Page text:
Dec. 28, 2007 Researchers here have figured out a way to use a firefly gene to let them see just how effective a new drug combination actually is against some forms of cancer and its serious complication.
The new study looked at ATLL, adult T-cell lymphoma and leukemia, a form of cancer where it is particularly hard to gauge the disease's progress, and where the patients' prognosis is generally poor. There is now no widely effective therapy available to treat this disease successfully.
In doing so, the researchers developed what they hope will be the first animal model for the disease that includes a severe bone depletion called humoral hypercalcemia of malignancy (HHM), a condition that can affect four out of every five ATLL patients and shorten their lives.
“These ATLL tumors secrete proteins that also cause the bones in these patients to weaken and resorb,” explained Thomas Rosol, professor of veterinary biosciences and dean of the College of Veterinary Medicine at Ohio State University.
“When that happens, the amount of calcium in the blood can build up to toxic levels.” So killing the cancer cells in these patients is only half the battle, he says. “We have to stop the resorption of bone and the release of calcium that the cancer causes.”
Earlier tissue culture studies on a new anticancer drug, PS-341, showed promise in attacking the cancer cells but before now, an effective animal model wasn't available for researchers to use that included HHM's calcium buildup.
Rosol and his team turned to a combination of PS-341 and zoledronic acid, a form of bisphosphonate that is widely used now to combat the bone loss of osteoporosis and other diseases.
They would then test the two drugs, separately and combined, in a group of specialized mice that had been injected with ATLL tumor cells.
“We can inject these tumor cells into the abdomen of the mice and they will grow in the animals' lymph nodes,” explained Rosol, “but normally, you can't detect the extent of the animal's disease until the cancer is in its later stages.”
To solve this, Rosol's team took a novel approach: They took a gene responsible for a firefly's glow and genetically inserted it into these tumor cells. That gene produces the enzyme luciferase in the insects which, when combined with another compound, luciferin, causes the firefly's distinctive glow.
The mice then received these genetically modified tumor cells and the researchers injected luciferin into the animals. Cancer cells containing the luciferase would combine with the luciferin and glow in the dark, giving the team a clear picture of the extent of disease inside the animal.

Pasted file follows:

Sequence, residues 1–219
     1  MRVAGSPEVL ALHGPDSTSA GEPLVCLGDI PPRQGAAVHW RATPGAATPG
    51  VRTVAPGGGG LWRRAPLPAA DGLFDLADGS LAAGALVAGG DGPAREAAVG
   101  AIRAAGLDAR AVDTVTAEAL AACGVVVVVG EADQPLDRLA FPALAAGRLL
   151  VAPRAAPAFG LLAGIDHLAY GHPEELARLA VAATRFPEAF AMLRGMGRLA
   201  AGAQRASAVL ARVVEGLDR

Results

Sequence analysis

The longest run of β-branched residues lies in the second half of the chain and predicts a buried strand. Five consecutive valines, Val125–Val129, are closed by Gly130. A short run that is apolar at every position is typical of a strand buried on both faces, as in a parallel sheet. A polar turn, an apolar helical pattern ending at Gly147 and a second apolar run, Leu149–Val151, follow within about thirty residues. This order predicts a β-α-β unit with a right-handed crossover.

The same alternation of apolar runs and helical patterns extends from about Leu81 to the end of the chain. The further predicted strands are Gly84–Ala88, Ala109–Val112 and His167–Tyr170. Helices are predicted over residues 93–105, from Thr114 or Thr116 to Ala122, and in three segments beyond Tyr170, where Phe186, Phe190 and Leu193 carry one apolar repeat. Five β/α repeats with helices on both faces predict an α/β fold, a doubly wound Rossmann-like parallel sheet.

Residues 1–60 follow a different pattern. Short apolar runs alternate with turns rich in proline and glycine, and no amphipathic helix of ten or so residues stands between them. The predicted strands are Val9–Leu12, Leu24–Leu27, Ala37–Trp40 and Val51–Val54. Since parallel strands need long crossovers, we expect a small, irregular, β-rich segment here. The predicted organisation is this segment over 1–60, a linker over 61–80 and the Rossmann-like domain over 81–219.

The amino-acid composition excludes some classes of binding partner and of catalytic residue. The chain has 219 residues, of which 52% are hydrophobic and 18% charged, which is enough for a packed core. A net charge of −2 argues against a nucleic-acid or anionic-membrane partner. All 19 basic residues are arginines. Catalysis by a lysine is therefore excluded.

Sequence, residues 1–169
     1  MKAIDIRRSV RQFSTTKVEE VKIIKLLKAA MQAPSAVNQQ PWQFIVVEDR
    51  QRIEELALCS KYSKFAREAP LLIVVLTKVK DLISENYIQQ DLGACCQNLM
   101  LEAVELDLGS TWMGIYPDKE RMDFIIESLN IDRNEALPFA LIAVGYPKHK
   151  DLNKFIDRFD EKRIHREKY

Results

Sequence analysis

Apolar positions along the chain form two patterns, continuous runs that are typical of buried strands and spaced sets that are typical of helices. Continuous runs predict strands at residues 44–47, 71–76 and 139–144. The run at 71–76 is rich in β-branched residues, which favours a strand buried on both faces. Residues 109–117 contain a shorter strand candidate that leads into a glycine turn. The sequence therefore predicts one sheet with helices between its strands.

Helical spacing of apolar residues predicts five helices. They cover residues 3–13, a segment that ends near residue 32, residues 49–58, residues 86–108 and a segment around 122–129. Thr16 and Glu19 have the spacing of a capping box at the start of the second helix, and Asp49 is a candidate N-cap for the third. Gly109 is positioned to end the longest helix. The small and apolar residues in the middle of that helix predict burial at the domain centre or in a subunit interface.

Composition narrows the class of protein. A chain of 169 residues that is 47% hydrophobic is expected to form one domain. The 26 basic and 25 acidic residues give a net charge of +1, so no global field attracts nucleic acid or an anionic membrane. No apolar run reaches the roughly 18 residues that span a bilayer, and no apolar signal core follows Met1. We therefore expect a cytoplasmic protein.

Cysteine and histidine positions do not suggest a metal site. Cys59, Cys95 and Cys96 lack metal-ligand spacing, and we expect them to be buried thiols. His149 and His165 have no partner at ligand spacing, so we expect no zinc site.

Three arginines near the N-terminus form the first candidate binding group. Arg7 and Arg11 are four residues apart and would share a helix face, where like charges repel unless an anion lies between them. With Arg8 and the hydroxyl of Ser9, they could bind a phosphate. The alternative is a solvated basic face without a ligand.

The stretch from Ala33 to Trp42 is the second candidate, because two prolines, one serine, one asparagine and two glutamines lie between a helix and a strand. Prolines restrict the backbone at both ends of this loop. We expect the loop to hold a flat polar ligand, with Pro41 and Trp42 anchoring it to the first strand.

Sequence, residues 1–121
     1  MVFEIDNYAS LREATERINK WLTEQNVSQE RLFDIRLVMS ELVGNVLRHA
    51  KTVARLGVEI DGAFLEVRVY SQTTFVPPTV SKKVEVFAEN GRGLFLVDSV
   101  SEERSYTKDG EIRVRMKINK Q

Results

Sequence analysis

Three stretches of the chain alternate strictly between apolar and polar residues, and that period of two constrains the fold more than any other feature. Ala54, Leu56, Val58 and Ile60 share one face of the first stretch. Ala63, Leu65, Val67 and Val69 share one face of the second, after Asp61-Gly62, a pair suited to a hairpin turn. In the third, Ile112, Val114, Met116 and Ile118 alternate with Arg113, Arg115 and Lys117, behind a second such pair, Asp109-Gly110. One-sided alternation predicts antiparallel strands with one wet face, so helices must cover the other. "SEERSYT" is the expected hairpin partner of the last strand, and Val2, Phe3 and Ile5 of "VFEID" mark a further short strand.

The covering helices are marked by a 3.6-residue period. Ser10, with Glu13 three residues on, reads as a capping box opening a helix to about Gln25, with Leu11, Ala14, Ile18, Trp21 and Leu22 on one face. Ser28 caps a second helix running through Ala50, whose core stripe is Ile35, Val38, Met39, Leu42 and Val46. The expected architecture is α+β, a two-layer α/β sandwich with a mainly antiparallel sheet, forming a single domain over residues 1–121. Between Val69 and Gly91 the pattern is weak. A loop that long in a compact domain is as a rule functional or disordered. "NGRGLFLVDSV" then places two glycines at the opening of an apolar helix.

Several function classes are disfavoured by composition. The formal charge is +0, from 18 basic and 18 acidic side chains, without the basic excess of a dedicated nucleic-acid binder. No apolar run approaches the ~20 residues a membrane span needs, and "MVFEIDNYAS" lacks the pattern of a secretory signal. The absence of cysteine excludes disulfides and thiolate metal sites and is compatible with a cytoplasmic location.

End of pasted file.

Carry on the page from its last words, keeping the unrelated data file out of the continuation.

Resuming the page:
“We put these mice inside a blackened chamber with a digital camera and then took their pictures. The only light present would be the light emitted by the cancer cells,” Rosol said.
“We just measured the light that we could see coming out of the animal – the more light, the more tumor growth; the less light, less tumor.”
He said that with the tumor cells emitting light, his team was able to gauge the volume of tumor cells in the animal's body. “It is amazingly sensitive and precise, letting us see to a level of only a few hundred cells,” he said. “That gives us a good method for monitoring the tumor cells.”
So when the researchers tested the effects of the two drugs, they found that the zoledronic acid halted the bone resorption, reducing the harmful calcium in the body, and that the anticancer drug PS-341 killed more than 95 percent of the ATLL cells.
“It was very effective against ATLL, eliminating almost all of the tumor cells,” Rosol said.
What they didn't expect was that in some mice treated only with the zoledronic acid and not with the PS-341 anticancer drug, the zoledronic acid reduced some of the cancer growth as well.
“We have no idea why some animals responded in this way while others didn't,” Rosol said, “but the next step may be to try to understand the processes involved in how the tumor cells cause the resorption of the bones and the release of calcium.
“Hopefully, we'll soon see this work tested in human clinical trials and that perhaps will lead to a treatment for this disease.”
The study is published in the online edition of the journal Cancer Research. The research was supported in part by the National Cancer Institute and the National Center for Research Resources. Working with Rosol on the project were Sherry Shu, Murali Nadella, Nanda Thudi and Jillian Werbeck, all doctoral students; research scientist Wessel Dirksen, statistician Soledad Fernandez, and Michael Lairmore, professor and chair of veterinary biosciences.
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